As social moves to the Dark Side (Dark Social) from open social platforms it would be expected that Snapchat leverages their base and uses the same strategies as Facebook is using with its messenger platform.
When Snapchat unleashed its ad-tech program Snap Partners in June with plans to serve video ads between stories, observers wondered how users would respond to seeing ads alongside their friends’ videos and photos. Two months in, Snapchat is already expanding its initial pilot to include more advertisers eager to reach the app’s 150 million daily users.
The ads appear between strings of photos and videos that users have share with their followers. Snapchat caps the amount of ads so that each person is served three so-called Snap Ads Between Friends promos per day—one in the morning, one in the afternoon and one at night.
Over the past few weeks, the number of ads has steadily increased. Based on Adweek’s own testing, each Snapchat user views the same number of daily ads, regardless of how much content they consume. In other words, someone who watches 100 stories per day is exposed to the same number of ads as someone who watches a handful of clips. Snapchat declined to comment about its ad load.
Ten brands—including Verizon, Express and Procter & Gamble—piloted the ad format earlier this summer, and now the format is available to a wider group of marketers. Dunkin’ Donuts, Unilever’s skin care brand Simple, L’Oreal-owned Maybelline, Starbucks and JCPenney have all run ads between snaps in the past week.
Similar to Snapchat’s broader Snap Ads format that runs within Discover and Live Stories, the length of a skippable video ad in between snaps is limited to 10 seconds. They can also be targeted by age, gender, location, type of device, carrier and content affinity. But unlike Discover or Live Story ads, vertical videos between snaps don’t include options to “swipe up” to watch a longer video clip or visit a website, which Snapchat has been pushing advertisers to experiment with in recent months.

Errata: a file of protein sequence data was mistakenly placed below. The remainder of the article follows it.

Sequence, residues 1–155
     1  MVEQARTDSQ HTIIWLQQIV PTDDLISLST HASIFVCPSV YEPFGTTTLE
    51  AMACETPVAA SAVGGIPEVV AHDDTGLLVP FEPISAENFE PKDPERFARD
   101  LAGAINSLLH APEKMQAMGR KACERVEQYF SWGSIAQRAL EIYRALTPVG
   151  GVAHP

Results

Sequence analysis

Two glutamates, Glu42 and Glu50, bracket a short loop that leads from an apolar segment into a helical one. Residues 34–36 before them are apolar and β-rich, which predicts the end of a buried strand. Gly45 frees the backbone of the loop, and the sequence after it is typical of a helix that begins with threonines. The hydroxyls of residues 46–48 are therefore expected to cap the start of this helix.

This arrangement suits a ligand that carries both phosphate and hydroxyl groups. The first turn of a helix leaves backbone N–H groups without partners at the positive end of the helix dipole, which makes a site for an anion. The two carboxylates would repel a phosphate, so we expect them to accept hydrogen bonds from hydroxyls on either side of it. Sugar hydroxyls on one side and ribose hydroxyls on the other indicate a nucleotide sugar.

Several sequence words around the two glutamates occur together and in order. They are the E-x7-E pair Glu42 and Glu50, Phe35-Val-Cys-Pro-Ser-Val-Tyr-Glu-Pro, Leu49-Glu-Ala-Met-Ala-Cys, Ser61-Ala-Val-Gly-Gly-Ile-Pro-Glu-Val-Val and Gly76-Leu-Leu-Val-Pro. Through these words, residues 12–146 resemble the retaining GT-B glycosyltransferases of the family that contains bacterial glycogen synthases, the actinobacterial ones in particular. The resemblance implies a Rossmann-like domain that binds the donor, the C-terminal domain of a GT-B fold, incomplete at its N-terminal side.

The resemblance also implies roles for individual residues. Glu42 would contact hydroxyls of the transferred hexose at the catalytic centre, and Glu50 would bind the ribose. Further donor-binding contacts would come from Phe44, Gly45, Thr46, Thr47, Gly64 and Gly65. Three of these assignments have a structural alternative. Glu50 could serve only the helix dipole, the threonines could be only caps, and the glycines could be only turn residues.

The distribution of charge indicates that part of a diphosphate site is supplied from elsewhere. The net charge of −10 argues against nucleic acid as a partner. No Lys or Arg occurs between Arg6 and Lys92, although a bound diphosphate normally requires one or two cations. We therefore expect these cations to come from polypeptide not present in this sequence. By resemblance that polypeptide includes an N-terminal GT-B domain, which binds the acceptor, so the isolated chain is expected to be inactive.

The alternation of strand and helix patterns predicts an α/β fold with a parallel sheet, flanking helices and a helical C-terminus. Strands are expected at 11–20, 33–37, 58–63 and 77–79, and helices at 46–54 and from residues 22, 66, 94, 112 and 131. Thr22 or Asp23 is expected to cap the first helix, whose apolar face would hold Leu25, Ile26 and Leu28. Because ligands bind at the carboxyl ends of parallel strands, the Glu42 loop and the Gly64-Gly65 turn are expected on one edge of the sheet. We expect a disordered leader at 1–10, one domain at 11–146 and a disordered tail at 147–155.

The move to limit the number of daily ads is part of what many see as Snapchat’s steady but aggressive advertising push to reach $350 million in revenue this year and $1 billion by the end of 2017, according to leaked documents. To get there and compete for budgets alongside Facebook, Twitter, Pinterest and others, the rollout of ads on Snapchat has been gradual in order to avoid ruining the user experience. The ad formats mimic the app’s popular features like lenses and filters that its millennial-heavy audience loves. In 36 days in June and July, Snapchat sold 14 sponsored lenses in the U.S. that can cost upwards of $600,000 for a one-day takeover on non-holiday days.
“We have to be thoughtful about the inventory, ad load and the ad experience,” Peter Sellis, Snapchat’s head of monetization product, told Adweek in June when launching its API. “By doing this the right way, focused on creativity and doing it early, it allows us to be extraordinarily conservative. Something that I think often gets lost is that ad effectiveness can be inversely correlated with the number of ads that the viewer sees. If you see 50 ads in a day, the probability of you remembering them is low.”
Source: AdWeek August 10, 2016